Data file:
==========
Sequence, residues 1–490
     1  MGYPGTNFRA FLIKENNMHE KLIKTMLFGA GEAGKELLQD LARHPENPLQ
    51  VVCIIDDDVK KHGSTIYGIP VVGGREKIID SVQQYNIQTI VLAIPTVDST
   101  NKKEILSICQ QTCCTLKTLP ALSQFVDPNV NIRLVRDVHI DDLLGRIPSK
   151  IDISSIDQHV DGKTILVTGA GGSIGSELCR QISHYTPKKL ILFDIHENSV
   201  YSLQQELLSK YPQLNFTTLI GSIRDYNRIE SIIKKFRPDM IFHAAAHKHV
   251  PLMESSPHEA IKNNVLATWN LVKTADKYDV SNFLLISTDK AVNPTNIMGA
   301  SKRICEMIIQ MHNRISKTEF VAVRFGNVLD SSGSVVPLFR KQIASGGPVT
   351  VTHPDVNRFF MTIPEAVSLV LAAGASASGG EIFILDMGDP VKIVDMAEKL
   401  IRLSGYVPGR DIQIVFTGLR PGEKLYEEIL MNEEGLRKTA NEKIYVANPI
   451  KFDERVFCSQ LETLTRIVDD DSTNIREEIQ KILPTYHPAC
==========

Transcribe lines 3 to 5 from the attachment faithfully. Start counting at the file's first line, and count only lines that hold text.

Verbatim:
    51  VVCIIDDDVK KHGSTIYGIP VVGGREKIID SVQQYNIQTI VLAIPTVDST
   101  NKKEILSICQ QTCCTLKTLP ALSQFVDPNV NIRLVRDVHI DDLLGRIPSK
   151  IDISSIDQHV DGKTILVTGA GGSIGSELCR QISHYTPKKL ILFDIHENSV